Italian national Davide Fasano, 31, from East Dulwich and his 25 year-old Spanish girlfriend Tania Michelle Cedeno-Piguave, arrived into the UK on a flight from the Caribbean island of Aruba with £1.2 million worth of the Class A drug.
They were sentenced at the Old Bailey today (Friday, 30 November). Both pleaded guilty to the importation of a controlled drug at a hearing on Monday, 26 November.3
Fasano was sentenced to six years and nine months imprisonment. Cedeno-Piguave was sentenced to four years and eight months.
The pair were stopped at Gatwick Airport by Border Force officers on 6 July, 2018, after they arrived from Aruba, where they had been on a week-long holiday.
A sniffer dog indicated there was something inside Fasano’s suitcase. A search by officers revealed only a small amount of clothing but five new handbags inside. The cocaine was hidden inside a false bottom of the suitcase and the linings of the handbags.
They were then both arrested and cautioned by Border Force officers on suspicion of being involved in the importation of a controlled drug.
When subsequently questioned by NCA investigators, both denied any knowledge of the drugs hidden in the luggage.
Fasano claimed he had found the suitcase at a bus stop outside the hotel in Aruba. He said he took it for his girlfriend Cedeno-Piguave as hers had ‘broken’.
When Fasano was asked by investigators why the suitcase was at a bus stop, he couldn’t give an explanation. He then said: “I’m not stupid, I wouldn’t travel 10,000 km carrying cocaine”.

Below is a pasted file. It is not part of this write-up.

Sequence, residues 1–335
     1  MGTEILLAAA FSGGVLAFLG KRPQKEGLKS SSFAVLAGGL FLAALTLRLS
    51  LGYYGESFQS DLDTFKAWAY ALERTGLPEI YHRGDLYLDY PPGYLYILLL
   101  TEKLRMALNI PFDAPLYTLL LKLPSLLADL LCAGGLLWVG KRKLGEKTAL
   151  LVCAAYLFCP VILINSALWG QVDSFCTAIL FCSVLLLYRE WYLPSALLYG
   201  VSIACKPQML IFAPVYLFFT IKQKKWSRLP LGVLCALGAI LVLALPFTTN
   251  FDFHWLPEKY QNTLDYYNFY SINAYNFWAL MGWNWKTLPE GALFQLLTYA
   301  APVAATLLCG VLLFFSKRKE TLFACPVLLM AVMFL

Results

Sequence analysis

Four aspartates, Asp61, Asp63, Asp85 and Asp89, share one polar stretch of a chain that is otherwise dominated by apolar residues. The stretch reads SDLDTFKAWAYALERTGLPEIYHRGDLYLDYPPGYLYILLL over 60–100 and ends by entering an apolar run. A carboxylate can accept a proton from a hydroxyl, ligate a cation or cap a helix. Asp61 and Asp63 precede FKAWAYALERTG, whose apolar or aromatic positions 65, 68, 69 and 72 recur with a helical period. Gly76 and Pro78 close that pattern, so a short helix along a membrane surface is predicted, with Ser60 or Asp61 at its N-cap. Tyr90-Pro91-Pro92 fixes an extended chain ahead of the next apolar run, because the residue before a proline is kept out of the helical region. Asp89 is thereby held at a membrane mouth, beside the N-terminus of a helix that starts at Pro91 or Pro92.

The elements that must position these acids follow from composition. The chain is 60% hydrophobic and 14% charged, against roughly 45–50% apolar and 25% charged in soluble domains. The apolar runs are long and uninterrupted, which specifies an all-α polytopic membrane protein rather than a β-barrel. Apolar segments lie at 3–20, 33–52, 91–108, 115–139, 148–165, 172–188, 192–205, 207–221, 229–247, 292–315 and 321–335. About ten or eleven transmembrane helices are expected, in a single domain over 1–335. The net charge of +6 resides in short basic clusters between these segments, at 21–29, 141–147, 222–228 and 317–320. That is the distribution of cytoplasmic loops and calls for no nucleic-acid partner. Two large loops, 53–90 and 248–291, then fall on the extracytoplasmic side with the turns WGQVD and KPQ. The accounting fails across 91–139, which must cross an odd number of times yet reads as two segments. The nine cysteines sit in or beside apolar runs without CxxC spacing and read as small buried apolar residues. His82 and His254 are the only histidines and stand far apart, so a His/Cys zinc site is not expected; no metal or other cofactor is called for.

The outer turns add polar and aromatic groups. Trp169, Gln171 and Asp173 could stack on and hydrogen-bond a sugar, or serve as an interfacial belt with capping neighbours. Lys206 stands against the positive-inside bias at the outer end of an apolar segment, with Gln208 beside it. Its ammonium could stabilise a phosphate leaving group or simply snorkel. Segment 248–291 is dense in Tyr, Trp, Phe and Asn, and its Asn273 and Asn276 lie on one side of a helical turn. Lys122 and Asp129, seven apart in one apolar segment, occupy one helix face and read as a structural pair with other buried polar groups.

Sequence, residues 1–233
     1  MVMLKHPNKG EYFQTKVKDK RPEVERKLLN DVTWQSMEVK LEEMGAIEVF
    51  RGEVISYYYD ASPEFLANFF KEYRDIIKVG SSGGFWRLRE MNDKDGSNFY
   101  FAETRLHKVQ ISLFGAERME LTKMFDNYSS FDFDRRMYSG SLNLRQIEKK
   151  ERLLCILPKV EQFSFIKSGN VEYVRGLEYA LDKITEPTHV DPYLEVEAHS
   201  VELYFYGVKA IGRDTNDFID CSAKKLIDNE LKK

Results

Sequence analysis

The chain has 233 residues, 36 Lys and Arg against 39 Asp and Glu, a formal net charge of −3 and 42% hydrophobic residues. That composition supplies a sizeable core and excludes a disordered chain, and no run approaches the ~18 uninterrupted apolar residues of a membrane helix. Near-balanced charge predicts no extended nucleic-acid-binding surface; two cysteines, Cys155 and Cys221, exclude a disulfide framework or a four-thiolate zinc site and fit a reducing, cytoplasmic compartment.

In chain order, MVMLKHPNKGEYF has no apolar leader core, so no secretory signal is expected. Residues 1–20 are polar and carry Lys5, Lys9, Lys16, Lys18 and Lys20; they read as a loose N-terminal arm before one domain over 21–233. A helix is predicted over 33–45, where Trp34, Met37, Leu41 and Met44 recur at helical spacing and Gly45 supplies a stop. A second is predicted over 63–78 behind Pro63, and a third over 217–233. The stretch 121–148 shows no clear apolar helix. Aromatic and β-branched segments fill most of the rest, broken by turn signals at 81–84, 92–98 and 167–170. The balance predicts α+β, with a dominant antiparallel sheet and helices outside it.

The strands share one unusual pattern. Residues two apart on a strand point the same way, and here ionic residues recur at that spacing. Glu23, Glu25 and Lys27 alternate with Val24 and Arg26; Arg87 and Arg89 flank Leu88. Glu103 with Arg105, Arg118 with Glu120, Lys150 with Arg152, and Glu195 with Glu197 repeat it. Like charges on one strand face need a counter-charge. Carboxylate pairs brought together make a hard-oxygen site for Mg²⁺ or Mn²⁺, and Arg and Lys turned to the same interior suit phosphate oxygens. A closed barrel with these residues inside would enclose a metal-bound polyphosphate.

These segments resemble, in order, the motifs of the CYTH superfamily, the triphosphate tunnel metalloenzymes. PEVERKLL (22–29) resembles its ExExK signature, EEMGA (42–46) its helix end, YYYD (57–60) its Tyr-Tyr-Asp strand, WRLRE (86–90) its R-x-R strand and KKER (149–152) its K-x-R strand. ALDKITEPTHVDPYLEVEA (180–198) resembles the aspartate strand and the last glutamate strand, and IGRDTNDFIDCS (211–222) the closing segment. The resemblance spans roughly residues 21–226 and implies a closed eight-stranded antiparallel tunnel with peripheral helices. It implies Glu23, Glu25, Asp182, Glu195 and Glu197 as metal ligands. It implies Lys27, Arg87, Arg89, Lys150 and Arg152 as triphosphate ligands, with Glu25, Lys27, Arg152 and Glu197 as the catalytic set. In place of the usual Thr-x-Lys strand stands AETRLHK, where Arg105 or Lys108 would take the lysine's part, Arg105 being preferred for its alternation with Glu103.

Both were charged and remanded in custody.
Further enquiries by NCA officers revealed thousands of Whatsapp messages written in English, Spanish and Italian. Amongst the messages investigators found a conversation relating to Fasano paying Cedeno-Piguave £3,000 to accompany him to Aruba, and Cedeno-Piguave stating that it “would be dangerous”.
Steve McIntyre, NCA Branch Commander, Heathrow and Gatwick, said:
“The importation of Class A drugs such as cocaine, fuel further crime and violence which cause misery and exploitation of others.
“Fasano and Cedeno-Piguave were reckless in attempting to smuggle drugs into the UK.
“Working with our Border Force colleagues we will target anyone who tries to undermine the security of the UK border by smuggling illegal drugs and protect the public from the inevitable harm this causes.”
Tim Kingsberry, Director of Border Force South, said:
“This is another excellent example of Border Force officers preventing a substantial quantity of drugs, with an estimated street level value of around £1.2 million from ending up on the streets of the UK, where they cause significant harm to both individuals and communities.
“Working with our colleagues at the National Crime Agency (NCA) we are determined to do all we can to stop drug traffickers and ensure that those who involve themselves in this activity face the full consequences of their crimes.”
Teenager found guilty of murdering Arnold Potter named
A teenager who stabbed and killed a man in Maidenbower, Crawley has been found guilty of murder.